Jump to content
Sign in to follow this  
Riogho

Hg

Recommended Posts

This barely fits in this category, so forgive me.

 

I was wondering the other day in Chemistry why Hg (mercury) was a liquid at STP. I looked into it a little bit and found out that mercury was also the only metal that didn't form a diatomic molecule when in a gaseous state.

 

I read on it, and it said something about the valence electrons of mercury being in the 6s orbital, and the fact that it was so close to the nucleus that the electrons flew at really high speeds around the nucleus and relativity took effect and the mass of those electrons increased.

 

My question is, I thought that relativity couldn't work on such small scales as electrons and such? Or maybe I've just misunderstood it all.

 

Clarification?

Share this post


Link to post
Share on other sites

Relativity "works" always. Actually, effects of relativity are especially evident at small scales, particles' lifetimes affected by their extreme velocities and so forth.

Share this post


Link to post
Share on other sites

Most metals readily share their outer most or valence electrons thereby becoming solid at room temperature. This sharing is why why metals are good conductors of electricity. Mercury holds its valence electrons tightly, the result is mercury can't share enough valence electron density to be a solid at room temperature. Also mercury is a poorer conductor of electricity compared to metals.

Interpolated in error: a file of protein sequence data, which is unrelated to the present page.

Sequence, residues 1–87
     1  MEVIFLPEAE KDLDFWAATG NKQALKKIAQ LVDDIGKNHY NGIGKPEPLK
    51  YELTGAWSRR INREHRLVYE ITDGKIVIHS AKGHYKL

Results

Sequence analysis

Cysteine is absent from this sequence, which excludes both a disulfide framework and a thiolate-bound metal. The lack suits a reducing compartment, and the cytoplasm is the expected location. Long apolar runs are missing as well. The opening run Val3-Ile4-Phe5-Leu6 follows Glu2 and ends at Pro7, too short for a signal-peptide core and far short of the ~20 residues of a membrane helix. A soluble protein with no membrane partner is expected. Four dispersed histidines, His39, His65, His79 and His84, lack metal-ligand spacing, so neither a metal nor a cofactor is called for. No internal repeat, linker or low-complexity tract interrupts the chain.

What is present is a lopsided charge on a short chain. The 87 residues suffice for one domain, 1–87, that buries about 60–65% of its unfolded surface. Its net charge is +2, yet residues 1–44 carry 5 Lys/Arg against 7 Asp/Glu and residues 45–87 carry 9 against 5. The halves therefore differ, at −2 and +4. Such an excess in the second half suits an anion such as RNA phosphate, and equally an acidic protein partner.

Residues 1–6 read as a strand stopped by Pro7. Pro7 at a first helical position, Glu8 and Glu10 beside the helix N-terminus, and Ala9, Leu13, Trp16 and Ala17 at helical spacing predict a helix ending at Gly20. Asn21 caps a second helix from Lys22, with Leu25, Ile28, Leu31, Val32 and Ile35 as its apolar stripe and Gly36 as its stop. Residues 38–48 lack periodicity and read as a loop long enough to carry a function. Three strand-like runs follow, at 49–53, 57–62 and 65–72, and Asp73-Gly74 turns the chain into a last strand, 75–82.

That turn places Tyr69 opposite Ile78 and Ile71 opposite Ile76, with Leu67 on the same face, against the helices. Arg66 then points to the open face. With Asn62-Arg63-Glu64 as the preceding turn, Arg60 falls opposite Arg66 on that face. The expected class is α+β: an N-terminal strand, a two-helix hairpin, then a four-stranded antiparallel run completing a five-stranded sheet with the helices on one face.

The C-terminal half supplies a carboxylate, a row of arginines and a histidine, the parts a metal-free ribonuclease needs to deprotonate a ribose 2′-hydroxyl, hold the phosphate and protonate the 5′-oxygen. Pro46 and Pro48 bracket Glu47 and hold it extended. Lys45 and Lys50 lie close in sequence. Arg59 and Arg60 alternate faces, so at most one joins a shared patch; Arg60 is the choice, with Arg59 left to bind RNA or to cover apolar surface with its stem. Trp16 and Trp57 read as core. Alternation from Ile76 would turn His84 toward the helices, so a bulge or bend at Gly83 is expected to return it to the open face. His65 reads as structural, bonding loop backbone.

Why is the pair of 6s electrons so inert? The s electrons are able to come very close to the nucleus. They swing around very massive nuclei at speeds comparable to that of light. When objects move at such high speeds, relativistic effects occur. The s electrons behave as though they were more massive than electrons moving at slower speeds. The increased mass causes them to spend more time close to the nucleus. This relativistic contraction of the 6s orbital lowers its energy and makes its electrons much less likely to participate in chemistry- they're buried deep in the atomic core.

 

http://antoine.frostburg.edu/chem/senese/101/periodic/faq/why-is-mercury-liquid.shtml

Share this post


Link to post
Share on other sites

I think it is general relativity, rather than special relativity, that might not work at small levels. This is because GR and quantum theories of gravity currently don't play nice together. Special relativity always works (given inertial frame), but it is easier to notice when objects move fast. This is particularly easy to do with small particles. In fact, I've never heard of larger objects moving at a speed large enough that classical physics can't handle with over 99% accuracy.

Share this post


Link to post
Share on other sites

Yep, Yep. I know what SR and GR is. But when ijust hear the word 'relativity' i tend to think GR. After thinking through it a little bit i realized my error.

Share this post


Link to post
Share on other sites

Create an account or sign in to comment

You need to be a member in order to leave a comment

Create an account

Sign up for a new account in our community. It's easy!

Register a new account

Sign in

Already have an account? Sign in here.

Sign In Now
Sign in to follow this  

×
×
  • Create New...

Important Information

We have placed cookies on your device to help make this website better. You can adjust your cookie settings, otherwise we'll assume you're okay to continue.